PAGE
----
(Photo: Luisa Rollenhagen)

(Photo: Luisa Rollenhagen)

“Today we suffer, in November we vote,” dozens of protesters chanted in front of City Hall this afternoon. Some 40 people gathered to express dismay over yesterday’s Supreme Court deadlock over President Obama’s immigration plan, which would have given undocumented immigrants protection from deportation and the possibility to work in the United States. The rally was organized by the Bushwick chapter of Make the Road New York, a non-profit dedicated to representing the city’s Latino and immigrant communities.

President Obama’s executive action would have shielded over 5 million from deportation by introducing The Deferred Action for Parents of Americans and Lawful Permanent Residents (DAPA), which would have allowed the undocumented parents of American-born children to apply for work permits, and expanding the Deferred Action for Childhood Arrivals (DACA), which would have protected those who arrived in the U.S. before the age of 16 and stayed at least five years. For many participating in today’s rally, these measures would have been key to achieving a more secure legal status in the country. Many of those protesting were beneficiaries of DACA, and had hoped for the passing of DAPA to reunite families or keep them together.

Catalina Benitez, an immigrant from Mexico and a member of Make the Road, has been in the United States for over 20 years. She was attending the rally with her two-year-old son, Daniel, and said the Supreme Court’s deadlock came as a “great disappointment” to many.

Benitez and her son (Photo: Luisa Rollenhagen)

Benitez and her son (Photo: Luisa Rollenhagen)

“We were hoping that we’d be given more options.” Benitez said in Spanish of Obama’s plan, and the limbo that’s left in the wake of the Supreme Court’s 4-4 tie. Benitez’s son, as well as her five-year-old daughter, have benefitted from DACA, but the aborted expansion of the plan has many families worried about their future.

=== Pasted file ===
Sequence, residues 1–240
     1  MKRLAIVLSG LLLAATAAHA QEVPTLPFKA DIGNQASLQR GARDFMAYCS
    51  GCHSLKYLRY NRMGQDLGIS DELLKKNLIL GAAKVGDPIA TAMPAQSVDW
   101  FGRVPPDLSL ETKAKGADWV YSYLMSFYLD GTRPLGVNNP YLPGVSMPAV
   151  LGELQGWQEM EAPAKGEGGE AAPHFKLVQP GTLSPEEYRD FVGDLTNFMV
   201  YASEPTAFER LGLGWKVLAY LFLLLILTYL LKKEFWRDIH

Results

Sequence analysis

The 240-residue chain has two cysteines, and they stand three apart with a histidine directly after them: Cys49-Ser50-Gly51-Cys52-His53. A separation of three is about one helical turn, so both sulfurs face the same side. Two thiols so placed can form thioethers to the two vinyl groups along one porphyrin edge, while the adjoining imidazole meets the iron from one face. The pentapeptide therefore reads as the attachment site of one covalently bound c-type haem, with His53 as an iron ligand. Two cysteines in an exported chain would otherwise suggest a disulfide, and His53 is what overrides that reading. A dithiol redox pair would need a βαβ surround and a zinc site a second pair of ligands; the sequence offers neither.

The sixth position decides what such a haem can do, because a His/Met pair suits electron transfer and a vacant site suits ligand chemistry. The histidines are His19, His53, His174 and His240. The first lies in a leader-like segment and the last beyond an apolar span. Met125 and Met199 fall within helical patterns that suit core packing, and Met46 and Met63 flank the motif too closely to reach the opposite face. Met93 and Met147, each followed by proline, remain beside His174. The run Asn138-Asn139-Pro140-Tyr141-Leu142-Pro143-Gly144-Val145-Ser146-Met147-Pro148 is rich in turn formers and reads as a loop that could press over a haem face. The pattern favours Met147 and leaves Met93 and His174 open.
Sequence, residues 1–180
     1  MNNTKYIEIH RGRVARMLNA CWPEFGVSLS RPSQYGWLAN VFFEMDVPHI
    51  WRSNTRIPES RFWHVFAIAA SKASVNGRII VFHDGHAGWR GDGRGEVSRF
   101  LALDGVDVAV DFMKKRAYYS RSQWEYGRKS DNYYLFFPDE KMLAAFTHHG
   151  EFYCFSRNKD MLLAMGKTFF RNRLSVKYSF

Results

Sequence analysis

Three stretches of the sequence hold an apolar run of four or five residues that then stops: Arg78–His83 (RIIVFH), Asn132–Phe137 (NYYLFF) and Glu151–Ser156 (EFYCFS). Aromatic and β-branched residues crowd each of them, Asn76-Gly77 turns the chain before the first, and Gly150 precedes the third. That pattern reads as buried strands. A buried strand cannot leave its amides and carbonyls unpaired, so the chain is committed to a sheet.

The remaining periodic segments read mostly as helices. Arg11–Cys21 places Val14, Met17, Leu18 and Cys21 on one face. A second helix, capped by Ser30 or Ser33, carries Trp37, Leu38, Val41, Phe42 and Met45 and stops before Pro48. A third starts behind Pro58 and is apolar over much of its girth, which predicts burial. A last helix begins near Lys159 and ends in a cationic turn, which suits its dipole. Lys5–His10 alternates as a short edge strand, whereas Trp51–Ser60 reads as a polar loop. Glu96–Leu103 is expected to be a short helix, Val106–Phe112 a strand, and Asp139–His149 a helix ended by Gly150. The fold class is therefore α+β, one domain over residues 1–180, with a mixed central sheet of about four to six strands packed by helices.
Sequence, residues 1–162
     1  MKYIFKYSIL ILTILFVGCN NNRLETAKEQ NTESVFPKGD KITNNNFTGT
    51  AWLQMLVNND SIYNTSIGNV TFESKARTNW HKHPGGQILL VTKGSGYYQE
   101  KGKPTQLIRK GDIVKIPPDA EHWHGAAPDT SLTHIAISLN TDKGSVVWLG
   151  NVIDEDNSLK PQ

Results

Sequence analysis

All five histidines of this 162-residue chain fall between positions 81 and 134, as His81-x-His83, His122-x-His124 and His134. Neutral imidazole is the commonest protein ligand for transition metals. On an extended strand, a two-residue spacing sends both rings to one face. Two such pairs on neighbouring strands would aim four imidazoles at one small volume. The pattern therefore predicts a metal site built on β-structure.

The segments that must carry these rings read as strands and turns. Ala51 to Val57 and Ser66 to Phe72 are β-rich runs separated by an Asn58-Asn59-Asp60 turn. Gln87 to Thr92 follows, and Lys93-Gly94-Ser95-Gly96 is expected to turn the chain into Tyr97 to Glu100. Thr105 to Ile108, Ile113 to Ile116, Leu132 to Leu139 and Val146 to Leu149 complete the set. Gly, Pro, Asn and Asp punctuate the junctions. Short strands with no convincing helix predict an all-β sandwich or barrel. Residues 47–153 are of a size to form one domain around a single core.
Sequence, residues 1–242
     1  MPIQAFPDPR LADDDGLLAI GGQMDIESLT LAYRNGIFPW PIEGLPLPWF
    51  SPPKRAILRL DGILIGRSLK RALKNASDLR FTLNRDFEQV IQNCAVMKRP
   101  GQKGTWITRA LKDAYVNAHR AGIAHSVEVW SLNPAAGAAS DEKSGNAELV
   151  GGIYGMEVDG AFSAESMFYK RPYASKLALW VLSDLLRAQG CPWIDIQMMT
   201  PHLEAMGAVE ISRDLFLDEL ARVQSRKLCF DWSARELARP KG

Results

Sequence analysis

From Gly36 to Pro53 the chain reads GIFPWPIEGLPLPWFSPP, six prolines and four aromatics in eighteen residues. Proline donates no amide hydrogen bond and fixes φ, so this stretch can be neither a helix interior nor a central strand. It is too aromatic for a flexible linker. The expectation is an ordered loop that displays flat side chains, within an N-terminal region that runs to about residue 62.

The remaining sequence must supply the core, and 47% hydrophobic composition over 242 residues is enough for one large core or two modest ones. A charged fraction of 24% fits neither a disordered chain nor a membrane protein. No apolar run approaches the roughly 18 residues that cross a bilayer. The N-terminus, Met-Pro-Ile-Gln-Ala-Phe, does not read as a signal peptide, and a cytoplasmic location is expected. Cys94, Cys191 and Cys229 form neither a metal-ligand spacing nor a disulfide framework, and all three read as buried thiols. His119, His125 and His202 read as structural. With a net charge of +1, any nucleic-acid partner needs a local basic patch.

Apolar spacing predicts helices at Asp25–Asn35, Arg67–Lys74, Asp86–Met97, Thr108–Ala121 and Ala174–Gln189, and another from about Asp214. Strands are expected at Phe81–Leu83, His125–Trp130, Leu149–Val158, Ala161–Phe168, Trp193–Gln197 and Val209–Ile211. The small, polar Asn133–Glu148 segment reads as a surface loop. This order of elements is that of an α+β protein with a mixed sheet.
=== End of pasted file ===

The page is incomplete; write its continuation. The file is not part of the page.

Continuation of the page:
Benitez, who lives in Williamsburg, isn’t eligible to vote in the upcoming presidential election, but she hopes that the rally will raise awareness and encourage people who can vote to support immigrant rights. “The citizens who can vote should vote for Hillary Clinton,” she said.

(Photo: Luisa Rollenhagen)

(Photo: Luisa Rollenhagen)

Petra Luna, a Bushwick volunteer who helps Make the Road with press statements, event organizations, and community outreach, expressed a similar disappointment in the SCOTUS deadlock. “Immigrants are a significant community in this country,” she said in Spanish. “We’ve helped raise the economy, and we have a life here.”

(Photo: Luisa Rollenhagen)

(Photo: Luisa Rollenhagen)

Luna said that Make the Road organized this rally to show U.S. politicians that they want their voice to be heard. “We want the deportations to stop, and we want to incentivize people to vote in November,” she emphasized. “We are all hoping for an opportunity, and we want to encourage those people who do have the vote to represent us.”

Other organizations present at the rally were the New York Civil Liberties Union, the Minkwon Center for Community Action, the New York Working Families Party, United We Dream, and the Center for Popular Democracy, to name a few. Individuals would periodically get in front of the crowd with a megaphone and speak of their frustrations with the gridlocked immigration reform.

“I’m angry, I’m fed up with the system,” Jung Rae Jang, a DACA beneficiary with the Minkwon Center, told the crowd. “We need to get the immigrant community to come together against this.”

Jung Rae Jang (Photo: Luisa Rollenhagen)

Jung Rae Jang (Photo: Luisa Rollenhagen)

Daniel Altschuler, the press representative for Make the Road, said that the majority of those in attendance at the rally today were from Bushwick, but immigrants living in Staten Island and Jackson Heights, Queens, were also well-represented. According to the organization’s website, over 35 percent of households in Bushwick are made up of foreign-born immigrants, three quarters of whom are from Latin America. A significant number of those immigrants are undocumented.

Luna expressed hope that, come November, people will decide to vote in favor of supporting immigrant communities. “We’re all going to the same heaven,” she reflected. But in the meantime, she said she’ll keep fighting to represent immigrant rights, and hopes people with electoral power in this country will do the same.

“I’m willing to give this everything I’ve got,” she said resolutely.